USA Coin Album: Five for a Dollar - The Ill-fated 20-cent Piece, Conclusion

Posted on 8/4/2017

As always seemed to be the case with new proposals for silver coinage, adoption of the 20-cent piece was urged by a politician from a silver-mining state.

Senator John P. Jones of Nevada was a silver mine owner himself, as were many of his constituents. His bill for the creation of this new denomination did pass the Senate in 1874, but it died in the House until the following year. On March 3, 1875 Congressman George Willard of Michigan called for unanimous approval of the Jones bill, and President Ulysses S. Grant signed it into law that same day.

There was almost no challenge or debate on the subject, which is odd given the specious reason offered for the coin's creation. Senator Jones had proclaimed that the lack of a circulating five-cent piece in the West caused many persons to be short-changed during transactions in which a ten-cent purchase was paid for with a quarter dollar. The customer allegedly received only a dime in change, and this coin was thus called a "short bit," a reference to the old Spanish real which had passed in this country at the value of 12-1/2 cents. Though half dimes had been coined at the San Francisco Mint from 1863-73, this denomination found little favor in the inflated economy of the West. Nickels were not used there at all before the 1890s, but the Jones argument still smacked of political pork.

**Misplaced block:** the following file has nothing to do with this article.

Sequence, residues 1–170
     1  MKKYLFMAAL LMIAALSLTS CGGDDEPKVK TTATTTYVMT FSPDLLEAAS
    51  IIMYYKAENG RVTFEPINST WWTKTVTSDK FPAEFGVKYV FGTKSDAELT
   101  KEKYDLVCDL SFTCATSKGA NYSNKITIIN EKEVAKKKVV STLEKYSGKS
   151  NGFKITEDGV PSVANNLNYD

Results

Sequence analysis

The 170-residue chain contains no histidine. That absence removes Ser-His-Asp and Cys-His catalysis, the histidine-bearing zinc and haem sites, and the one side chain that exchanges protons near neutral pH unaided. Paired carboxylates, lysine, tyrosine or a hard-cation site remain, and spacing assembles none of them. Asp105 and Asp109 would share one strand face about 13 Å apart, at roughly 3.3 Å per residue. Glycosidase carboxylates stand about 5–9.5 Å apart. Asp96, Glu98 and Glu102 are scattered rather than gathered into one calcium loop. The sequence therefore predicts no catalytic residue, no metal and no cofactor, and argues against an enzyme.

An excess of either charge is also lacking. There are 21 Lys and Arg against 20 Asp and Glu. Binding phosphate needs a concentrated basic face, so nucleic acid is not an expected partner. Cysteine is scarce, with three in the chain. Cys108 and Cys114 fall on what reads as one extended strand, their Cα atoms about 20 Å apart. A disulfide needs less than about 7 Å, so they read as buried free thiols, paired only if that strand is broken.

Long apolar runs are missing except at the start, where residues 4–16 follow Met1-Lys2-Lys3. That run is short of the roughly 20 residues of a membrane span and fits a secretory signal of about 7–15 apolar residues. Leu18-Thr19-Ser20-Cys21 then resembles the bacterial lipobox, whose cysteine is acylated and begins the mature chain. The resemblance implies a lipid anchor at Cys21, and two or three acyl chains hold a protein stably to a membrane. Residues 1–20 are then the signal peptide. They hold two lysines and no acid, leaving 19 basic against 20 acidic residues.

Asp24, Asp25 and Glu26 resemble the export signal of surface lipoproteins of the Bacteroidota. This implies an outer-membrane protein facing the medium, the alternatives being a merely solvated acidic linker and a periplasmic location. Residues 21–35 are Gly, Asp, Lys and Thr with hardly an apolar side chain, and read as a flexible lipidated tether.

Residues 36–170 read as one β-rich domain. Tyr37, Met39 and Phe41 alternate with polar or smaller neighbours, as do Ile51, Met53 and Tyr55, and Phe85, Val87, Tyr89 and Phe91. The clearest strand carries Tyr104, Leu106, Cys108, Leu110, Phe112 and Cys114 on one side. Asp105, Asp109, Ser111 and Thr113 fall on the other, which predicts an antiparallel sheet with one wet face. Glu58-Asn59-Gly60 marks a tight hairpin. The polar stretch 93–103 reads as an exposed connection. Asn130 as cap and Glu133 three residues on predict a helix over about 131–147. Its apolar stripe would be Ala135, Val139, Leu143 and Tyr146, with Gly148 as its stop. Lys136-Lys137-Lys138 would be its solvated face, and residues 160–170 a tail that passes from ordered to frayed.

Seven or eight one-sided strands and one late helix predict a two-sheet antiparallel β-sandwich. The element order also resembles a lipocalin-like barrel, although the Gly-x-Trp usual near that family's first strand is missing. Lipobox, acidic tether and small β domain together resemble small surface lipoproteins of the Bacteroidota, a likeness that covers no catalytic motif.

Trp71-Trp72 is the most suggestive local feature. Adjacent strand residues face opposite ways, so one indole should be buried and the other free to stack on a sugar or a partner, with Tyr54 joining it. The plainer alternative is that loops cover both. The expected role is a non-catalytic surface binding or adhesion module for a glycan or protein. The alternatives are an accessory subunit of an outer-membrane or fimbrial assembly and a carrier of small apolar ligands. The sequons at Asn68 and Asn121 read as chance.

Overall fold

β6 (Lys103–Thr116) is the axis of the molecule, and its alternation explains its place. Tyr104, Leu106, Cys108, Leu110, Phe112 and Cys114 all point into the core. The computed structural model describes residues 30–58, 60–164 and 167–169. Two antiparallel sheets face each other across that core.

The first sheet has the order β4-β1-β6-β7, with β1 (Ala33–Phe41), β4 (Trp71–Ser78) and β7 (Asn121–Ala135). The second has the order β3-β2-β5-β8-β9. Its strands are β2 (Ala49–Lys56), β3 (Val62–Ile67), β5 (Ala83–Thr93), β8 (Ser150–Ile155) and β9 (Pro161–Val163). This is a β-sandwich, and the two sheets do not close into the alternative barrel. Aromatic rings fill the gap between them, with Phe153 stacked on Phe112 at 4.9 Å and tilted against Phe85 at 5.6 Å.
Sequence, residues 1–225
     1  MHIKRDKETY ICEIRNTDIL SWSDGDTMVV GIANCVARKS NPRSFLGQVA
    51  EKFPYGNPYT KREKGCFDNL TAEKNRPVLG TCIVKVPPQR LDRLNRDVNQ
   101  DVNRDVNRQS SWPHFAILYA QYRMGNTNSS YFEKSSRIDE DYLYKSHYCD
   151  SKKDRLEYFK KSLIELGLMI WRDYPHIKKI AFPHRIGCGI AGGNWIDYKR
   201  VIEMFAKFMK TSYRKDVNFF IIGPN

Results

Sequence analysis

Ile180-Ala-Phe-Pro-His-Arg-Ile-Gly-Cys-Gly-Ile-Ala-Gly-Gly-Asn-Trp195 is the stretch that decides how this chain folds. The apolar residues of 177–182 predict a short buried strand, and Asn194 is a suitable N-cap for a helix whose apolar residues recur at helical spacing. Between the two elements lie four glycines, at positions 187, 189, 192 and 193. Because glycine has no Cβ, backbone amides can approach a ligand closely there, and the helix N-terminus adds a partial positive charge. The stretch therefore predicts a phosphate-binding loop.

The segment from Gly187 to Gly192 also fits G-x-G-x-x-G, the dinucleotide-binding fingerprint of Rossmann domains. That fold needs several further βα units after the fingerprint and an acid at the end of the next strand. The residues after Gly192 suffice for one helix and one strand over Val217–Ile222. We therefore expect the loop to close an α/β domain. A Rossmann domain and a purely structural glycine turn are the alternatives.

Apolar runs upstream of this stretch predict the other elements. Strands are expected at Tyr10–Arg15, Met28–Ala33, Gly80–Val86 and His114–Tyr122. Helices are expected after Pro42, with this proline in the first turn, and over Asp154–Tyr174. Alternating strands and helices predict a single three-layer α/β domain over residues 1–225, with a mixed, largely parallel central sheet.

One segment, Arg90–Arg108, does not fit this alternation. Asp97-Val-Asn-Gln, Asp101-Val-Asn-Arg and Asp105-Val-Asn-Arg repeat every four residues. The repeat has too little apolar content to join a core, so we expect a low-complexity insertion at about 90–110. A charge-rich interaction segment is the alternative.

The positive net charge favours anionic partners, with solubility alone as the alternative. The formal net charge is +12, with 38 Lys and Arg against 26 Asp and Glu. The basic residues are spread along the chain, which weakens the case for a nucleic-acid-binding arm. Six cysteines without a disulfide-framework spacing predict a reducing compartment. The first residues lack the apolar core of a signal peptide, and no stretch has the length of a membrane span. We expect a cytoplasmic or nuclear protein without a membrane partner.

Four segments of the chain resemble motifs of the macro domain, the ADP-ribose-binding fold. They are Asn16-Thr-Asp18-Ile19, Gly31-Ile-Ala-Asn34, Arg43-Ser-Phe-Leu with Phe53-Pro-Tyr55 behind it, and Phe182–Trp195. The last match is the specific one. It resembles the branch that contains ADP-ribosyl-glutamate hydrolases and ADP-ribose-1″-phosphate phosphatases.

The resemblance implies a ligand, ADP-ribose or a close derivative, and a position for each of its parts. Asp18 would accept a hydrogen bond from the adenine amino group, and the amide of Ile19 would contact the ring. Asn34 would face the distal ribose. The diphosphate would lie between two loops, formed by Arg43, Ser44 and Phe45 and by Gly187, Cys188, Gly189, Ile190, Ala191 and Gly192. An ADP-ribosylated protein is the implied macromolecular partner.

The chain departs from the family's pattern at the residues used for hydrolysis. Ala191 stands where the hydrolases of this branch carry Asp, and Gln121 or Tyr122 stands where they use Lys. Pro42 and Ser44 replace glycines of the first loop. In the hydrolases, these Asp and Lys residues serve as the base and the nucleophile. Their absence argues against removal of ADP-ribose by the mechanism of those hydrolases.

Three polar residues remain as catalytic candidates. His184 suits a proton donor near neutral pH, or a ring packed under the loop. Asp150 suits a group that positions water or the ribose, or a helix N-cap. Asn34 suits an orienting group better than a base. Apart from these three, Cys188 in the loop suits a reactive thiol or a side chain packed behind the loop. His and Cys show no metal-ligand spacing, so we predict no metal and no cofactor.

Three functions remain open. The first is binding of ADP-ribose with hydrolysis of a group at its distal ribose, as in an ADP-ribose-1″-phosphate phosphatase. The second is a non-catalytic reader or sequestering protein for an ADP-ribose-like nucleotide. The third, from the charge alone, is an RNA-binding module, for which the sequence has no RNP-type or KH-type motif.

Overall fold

Last month's column featured a nice example of a pattern coin created for the 20-cent piece. Several different designs were issued, the earliest dated 1874 in anticipation that the coin would become a reality. All were created by US Mint Chief Engraver William Barber, though Assistant Engraver Joseph A. Bailly received partial credit for at least one of them. Correspondence between Mint Director Henry R. Linderman in Washington and Philadelphia Mint Superintendent James Pollack reveals that the need to distinguish this coin from the only slightly larger quarter dollar was an early priority. Indeed, most of the patterns were of highly distinctive designs that in no way resembled the current Seated Liberty quarter.

Despite these initial precautions, the enabling legislation for the 20-cent piece mandated that it conform to the terms of the sweeping Mint Act of 1873 in all respects. Thus, Linderman directed Pollock to use the standard Seated Liberty obverse of the fractional silver coins paired with an eagle reverse. In an effort to make some small distinction, the word LIBERTY was written in raised letters, rather than the incuse lettering of the other coins. Christian Gobrecht's eagle device was rejected in favor of the one created by Barber for the trade dollar in 1873. Finally, the edge of the 20-cent piece was plain, rather than the reeded edge typical of silver issues. (This defeated the purpose of reeding, which was considered essential with precious metal coins to prevent the theft of metal through clipping or sweating.) Coined in proportion to the other denominations, the weight of the 20-cent piece was five grams. Though slightly smaller and lighter than a quarter, it could easily be mistaken for one during a hasty transaction, especially when the coins became well worn.